BM transplantation from an HLA-matched donor is the preferred treatment option for patients newly diagnosed with AA. This option carries a significant risk of graft versus host disease as immune-competent T cells carried within the BM graft react to disparate HLAs expressed on host tissues. Notably, graft versus host responses are abrogated in a BM transplant model that co-transfers T cells deficient in NOTCH signaling (Zhang et al., 2011). Extrapolating this finding, one could speculate that using GSIs in the setting of BM transplantation may prove advantageous, as it may reduce the high morbidity associated with acute graft versus host responses. In this context, our data showing extended GSI treatment has no adverse effects either on hematopoietic stem cell engraftment or long-term hematopoiesis are of utmost relevance. These data are also in agreement with previous studies suggesting NOTCH1 is not required to maintain adult hematopoiesis (Maillard et al., 2008; Varnum-Finney et al., 2011). Complete abrogation of NOTCH signaling during hematopoiesis has been studied using Pofut1-deficient mice, which lack the ability to fucosylate NOTCH receptors, a process necessary for regulating ligand binding (Yao et al., 2011). Although Pofut1−/− mice showed myeloid hyperplasia and defects in lymphopoiesis, we did not see such dysregulation in GSI-treated mice. Most likely, the relatively low dose of GSIs effective for treating disease permits a threshold level of NOTCH signaling in the BM that is sufficient to maintain hematopoiesis (Duncan et al., 2005). Alternatively, redundant signaling through noncanonical Wnt or hedgehog signaling pathways may compensate for decreased NOTCH signaling in the stem cell compartment (Fleming et al., 2008; Gao et al., 2009; Kokolus and Nemeth, 2010).
An association between autoimmunity and hematological malignancies is well documented (Stern et al., 2007). Patients with AA are at significant risk of developing a clonal neoplasm within a decade of being diagnosed, with progression to myelodysplastic syndrome (MDS) and acute myeloid leukemia (AML) occurring in 10–20% of patients (Bagby and Meyers, 2009). One theory postulates the inflammatory environment of the diseased BM places a selective pressure on hematopoietic stem cells, favoring those cells that have acquired random somatic mutations which endow them with a survival advantage. As unfit stem cells are lost via apoptotic signals, resistant clones survive and may develop into frank leukemias, such as AML. Of note, in patients with AML, increased expression of NOTCH1 and its ligands Jag1 and Dll-1 is associated with poor prognosis, especially in patients classified as an intermediate risk karyotype (Xu et al., 2011). These observations serve to broaden the rationale that targeting the NOTCH signaling pathway may have beneficial effects in patients with AA.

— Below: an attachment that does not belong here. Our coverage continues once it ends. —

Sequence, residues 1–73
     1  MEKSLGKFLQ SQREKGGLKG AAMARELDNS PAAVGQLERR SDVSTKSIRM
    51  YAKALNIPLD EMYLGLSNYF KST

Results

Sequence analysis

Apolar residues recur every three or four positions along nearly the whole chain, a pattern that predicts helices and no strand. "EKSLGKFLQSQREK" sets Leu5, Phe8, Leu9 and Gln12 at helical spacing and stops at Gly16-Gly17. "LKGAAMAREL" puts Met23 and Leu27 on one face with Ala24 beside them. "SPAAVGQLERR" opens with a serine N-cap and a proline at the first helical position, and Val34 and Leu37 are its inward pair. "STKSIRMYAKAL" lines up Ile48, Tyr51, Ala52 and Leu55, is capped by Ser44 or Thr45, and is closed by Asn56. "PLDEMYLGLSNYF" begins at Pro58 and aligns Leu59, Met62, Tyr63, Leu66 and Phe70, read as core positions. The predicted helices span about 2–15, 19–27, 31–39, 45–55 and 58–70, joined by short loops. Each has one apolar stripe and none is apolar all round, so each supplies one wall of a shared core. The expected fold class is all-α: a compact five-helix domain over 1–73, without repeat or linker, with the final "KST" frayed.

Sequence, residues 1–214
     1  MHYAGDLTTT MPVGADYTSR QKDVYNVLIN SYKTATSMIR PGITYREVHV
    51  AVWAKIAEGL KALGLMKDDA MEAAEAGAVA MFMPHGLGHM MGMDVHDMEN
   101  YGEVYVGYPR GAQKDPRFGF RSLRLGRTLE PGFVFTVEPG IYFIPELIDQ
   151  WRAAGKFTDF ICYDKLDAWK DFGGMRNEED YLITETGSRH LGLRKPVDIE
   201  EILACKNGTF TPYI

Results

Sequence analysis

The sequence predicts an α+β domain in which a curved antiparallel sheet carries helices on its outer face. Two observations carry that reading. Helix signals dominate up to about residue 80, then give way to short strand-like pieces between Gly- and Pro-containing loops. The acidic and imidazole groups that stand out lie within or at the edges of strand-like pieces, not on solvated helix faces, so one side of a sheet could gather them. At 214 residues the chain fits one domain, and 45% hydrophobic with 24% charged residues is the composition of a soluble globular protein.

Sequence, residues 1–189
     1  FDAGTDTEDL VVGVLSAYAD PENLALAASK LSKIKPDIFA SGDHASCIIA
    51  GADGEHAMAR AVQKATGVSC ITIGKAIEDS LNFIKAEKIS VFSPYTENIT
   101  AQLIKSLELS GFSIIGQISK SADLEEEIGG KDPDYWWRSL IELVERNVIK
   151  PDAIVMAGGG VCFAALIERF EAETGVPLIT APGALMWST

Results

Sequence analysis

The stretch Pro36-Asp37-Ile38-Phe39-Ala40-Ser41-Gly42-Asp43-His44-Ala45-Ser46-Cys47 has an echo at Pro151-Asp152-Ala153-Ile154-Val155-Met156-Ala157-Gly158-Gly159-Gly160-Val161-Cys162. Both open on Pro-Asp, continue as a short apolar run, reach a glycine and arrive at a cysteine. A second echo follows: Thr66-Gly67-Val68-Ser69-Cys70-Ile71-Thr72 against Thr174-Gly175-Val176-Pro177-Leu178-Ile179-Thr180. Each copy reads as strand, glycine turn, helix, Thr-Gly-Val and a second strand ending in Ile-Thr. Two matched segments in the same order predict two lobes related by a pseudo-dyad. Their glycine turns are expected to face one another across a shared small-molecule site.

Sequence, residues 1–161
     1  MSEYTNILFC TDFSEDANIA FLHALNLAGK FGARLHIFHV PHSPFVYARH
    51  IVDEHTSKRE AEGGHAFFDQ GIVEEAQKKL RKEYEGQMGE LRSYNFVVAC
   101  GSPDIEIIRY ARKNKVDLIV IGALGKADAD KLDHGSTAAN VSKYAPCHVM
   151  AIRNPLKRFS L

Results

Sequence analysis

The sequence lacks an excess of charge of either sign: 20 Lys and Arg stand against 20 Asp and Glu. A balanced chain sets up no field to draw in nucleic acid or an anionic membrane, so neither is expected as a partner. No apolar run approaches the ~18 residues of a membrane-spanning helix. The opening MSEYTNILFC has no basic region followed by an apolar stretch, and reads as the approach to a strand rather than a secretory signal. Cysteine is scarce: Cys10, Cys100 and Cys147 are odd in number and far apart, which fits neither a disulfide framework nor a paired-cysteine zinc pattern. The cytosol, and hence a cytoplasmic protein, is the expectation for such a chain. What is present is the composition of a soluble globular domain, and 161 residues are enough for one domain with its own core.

One early study examining the adverse effects of GSIs suggested that, at doses double that used in the present study, metaplasia was observed in intestinal goblet cells (Milano et al., 2004). Since that time, encouraging progress has been made in alleviating GSIs’ undesired effects on gut tissues, including using intermittent dosing schedules (Albain et al. 2011. Thirty-Fourth Annual CTRC-AACR San Antonio Breast Cancer Symposium. Abstr. S1-5.; Means-Powell et al. 2012. Thirty-Fifth Annual CTRC-AACR San Antonio Breast Cancer Symposium. Abstr. P2-14-04) or co-administering GSIs with dexamethasone, which has been shown to protect the intestinal crypt cells in the presence of GSIs (Real et al., 2009; Samon et al., 2012). Presently, there are more than 30 open clinical trials that include an investigational GSI in the treatment of cancer, denoting a substantial and acute interest in its use as a therapeutic modality. Our findings provide compelling evidence that NOTCH1 contributes to immune-mediated BMF and suggest that further investigation of GSIs as a therapeutic means of targeting NOTCH signaling in AA may be warranted.
MATERIALS AND METHODS
All mouse protocols were approved by the Institutional Animal Care and Use Committee of the University of Massachusetts Amherst. F1 progeny were obtained by crossing BALB/c females with C57BL/6 males. Offspring between the ages of 9–12 wk were used in experiments. C57BL/6 GFP+/− mice, originally obtained from the Jackson Laboratory were maintained by crossing C57BL/6 wild-type females with GFP+/− males. All mice were maintained on acidified, antibiotic water.
Generating conditional Notch1 KO (N1KO) mice.